Charlie Brooker’s Screenwipe format was honed over many years to a fine balance of commentary, news footage and spoof talking heads. He already made a solid coronavirus programme, the Antiviral wipe, for the BBC in May, his first since the 2016 Wipe, which won a Bafta. So it's baffling that for this Netflix one-off, Death to 2020, he and his longtime co-producer Annabel Jones have taken their unbroken idea and tried to fix it, with the usual results.
The concept has been spun out into a 70-minute spoof documentary looking back at the year, narrated by Laurence Fishburne and featuring fictitious talking heads played by famous actors. There’s the snappy New York journalist Dash Bracket (Samuel L Jackson), a tweedy British historian Tennyson Foss (Hugh Grant), a craven political spokesperson (Lisa Kudrow), a racist soccer mom (Cristin Milioti). Tracy Ullman plays the Queen. They go through the big events, starting with the Australian wildfires and running through Covid and the US election, with a bit of George Floyd and Boris thrown in for good measure.
It badly misses Brooker himself, who usually serves as the acerbic, sometimes zany, ringmaster but is only heard in glimpses behind the camera. Without him, Death to 2020 flaps around. Normally these programmes focus on mocking the coverage rather than the subjects themselves. Here, it sometimes shifts into honest crusading, especially on Black Lives Matter. That’s fine, but it’s a different kind of show. Why invent characters to say things real interviewees might say? It also can’t make up its mind whether it is for a British audience or an American one, and ends up pleasing neither.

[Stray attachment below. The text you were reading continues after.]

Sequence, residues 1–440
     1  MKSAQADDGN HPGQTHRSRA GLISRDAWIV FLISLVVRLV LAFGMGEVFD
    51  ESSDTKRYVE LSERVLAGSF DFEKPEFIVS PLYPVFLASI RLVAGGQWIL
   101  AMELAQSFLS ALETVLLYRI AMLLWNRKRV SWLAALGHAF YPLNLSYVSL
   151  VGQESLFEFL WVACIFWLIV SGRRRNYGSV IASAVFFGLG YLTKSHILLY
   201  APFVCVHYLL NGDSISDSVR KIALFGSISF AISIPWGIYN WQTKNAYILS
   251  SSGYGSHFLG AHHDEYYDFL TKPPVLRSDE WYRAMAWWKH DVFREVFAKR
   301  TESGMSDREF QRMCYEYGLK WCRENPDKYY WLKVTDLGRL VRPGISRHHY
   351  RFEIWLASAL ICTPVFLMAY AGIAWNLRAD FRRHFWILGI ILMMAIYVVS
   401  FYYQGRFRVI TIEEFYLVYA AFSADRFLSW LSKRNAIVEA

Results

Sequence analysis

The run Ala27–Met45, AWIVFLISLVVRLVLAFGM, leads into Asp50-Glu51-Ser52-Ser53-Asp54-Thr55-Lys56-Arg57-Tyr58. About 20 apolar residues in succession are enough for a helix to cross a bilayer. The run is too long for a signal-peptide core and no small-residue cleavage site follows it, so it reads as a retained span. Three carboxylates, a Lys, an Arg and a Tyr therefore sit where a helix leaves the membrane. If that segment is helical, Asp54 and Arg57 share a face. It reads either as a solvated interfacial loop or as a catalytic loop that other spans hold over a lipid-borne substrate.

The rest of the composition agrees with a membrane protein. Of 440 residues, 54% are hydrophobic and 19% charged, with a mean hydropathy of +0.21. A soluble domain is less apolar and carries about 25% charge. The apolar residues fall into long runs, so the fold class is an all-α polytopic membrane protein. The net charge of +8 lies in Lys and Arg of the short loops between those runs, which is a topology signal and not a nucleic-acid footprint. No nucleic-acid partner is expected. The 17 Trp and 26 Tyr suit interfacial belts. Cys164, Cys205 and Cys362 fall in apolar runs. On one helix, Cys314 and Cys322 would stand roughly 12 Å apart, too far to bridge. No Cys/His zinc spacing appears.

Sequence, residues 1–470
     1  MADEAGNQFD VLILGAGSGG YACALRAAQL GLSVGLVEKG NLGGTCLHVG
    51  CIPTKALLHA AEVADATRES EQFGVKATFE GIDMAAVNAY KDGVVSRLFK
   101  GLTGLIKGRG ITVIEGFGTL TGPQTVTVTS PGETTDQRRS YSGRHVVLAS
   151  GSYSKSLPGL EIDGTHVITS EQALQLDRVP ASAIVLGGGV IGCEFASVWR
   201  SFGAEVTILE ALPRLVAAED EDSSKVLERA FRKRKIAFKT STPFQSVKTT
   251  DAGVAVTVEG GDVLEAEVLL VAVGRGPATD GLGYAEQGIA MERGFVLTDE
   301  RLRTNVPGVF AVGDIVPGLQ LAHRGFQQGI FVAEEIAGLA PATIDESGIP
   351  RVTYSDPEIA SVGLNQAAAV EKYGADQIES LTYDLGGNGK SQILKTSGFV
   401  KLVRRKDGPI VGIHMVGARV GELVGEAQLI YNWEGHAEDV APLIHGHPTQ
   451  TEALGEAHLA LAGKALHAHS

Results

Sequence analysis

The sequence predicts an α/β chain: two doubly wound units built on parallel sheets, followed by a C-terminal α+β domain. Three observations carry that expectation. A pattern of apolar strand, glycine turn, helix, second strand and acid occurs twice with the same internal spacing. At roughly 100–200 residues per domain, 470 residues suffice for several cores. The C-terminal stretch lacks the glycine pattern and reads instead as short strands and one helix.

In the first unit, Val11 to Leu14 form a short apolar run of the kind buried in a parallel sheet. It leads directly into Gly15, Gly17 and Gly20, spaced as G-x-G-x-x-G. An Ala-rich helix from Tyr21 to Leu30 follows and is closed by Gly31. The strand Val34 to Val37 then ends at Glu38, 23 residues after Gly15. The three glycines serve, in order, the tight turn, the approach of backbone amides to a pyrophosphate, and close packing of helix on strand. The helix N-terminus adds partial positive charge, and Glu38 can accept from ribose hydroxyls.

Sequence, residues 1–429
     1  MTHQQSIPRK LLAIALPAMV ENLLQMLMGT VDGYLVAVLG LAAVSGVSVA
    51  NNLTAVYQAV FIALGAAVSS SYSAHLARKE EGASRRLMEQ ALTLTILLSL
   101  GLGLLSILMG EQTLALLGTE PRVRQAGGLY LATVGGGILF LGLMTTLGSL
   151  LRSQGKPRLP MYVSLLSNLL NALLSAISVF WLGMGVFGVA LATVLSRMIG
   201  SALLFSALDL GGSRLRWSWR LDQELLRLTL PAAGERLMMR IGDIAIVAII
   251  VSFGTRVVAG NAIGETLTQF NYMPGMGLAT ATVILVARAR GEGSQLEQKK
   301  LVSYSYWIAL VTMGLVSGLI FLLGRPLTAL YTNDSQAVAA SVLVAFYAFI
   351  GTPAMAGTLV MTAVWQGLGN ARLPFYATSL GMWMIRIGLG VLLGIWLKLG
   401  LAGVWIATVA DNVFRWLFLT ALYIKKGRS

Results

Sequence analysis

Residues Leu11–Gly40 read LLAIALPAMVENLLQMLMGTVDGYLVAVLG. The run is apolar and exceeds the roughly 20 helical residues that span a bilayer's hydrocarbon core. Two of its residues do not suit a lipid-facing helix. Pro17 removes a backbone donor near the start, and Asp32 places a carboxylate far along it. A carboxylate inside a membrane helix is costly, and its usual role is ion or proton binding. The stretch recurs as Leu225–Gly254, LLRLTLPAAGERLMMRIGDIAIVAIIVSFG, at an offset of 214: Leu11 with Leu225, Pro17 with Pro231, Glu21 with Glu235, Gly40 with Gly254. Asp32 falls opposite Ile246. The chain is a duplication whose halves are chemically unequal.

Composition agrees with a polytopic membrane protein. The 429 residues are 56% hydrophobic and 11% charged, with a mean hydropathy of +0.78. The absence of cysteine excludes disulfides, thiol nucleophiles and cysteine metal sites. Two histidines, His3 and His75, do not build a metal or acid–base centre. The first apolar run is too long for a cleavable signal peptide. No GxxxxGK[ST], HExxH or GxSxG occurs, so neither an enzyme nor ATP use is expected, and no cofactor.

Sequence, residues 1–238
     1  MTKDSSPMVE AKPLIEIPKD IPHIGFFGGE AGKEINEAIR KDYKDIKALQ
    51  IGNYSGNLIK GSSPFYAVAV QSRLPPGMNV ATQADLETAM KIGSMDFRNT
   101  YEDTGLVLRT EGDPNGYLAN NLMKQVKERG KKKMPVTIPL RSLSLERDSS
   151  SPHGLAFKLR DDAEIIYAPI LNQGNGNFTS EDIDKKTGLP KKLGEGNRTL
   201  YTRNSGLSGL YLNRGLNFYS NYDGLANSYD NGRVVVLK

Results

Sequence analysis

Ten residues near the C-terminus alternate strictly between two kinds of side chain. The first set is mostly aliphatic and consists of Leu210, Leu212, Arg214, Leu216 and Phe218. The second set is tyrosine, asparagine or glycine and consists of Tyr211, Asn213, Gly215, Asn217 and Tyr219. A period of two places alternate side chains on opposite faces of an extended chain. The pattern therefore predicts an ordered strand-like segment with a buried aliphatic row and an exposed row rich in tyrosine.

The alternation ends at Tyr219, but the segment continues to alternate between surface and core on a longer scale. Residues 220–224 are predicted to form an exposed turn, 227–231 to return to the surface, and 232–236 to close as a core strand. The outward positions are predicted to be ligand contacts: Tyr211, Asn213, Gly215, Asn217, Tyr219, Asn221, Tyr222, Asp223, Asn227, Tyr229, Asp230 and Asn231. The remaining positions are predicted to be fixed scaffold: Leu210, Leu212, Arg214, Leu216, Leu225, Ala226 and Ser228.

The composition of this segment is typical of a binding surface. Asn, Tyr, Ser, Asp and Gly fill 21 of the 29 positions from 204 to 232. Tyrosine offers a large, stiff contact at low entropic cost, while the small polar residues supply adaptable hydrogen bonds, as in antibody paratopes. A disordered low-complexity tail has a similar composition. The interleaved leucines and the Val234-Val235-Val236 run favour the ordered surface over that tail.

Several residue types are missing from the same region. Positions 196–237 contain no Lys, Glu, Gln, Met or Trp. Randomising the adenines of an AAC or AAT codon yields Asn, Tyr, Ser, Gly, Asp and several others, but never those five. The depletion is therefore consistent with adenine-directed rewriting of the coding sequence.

The highlights, like the running gag about Biden’s age and Diane Morgan’s Cunk-esque turn as “average citizen” Gemma Herrick, are fleeting. You feel for Grant, not given a single decent line, and several that make you want to slide under the sofa. The credits list 18 writers. How many of them did it take to come up with the idea that Joe Biden is old? Too often you find yourself waiting for punchlines that never arrive. With Trump, as ever, it’s nearly impossible to write something as funny as the real footage, but you can surely do better than “experimental pig-man”.
It’s hard to know what’s happened here. Clearly there’s money behind Death to 2020, given its provenance and the calibre of the contributors. Between Black Mirror and the Wipes – to say nothing of Brooker’s previous career as a critic of acid brilliance – its creators are too good at TV not to know that this is substandard. Is it a kind of televisual cash-in-hand plastering job for their bosses at Netflix, who wanted a piece of the Wipe action? Was there meddling from above about its tone and direction? Was there not enough time to apply the usual quality control?
Whatever the answer, Death to 2020 is a mess and you’ll be glad when it’s over. In that sense, at least, it’s appropriate to its subject.
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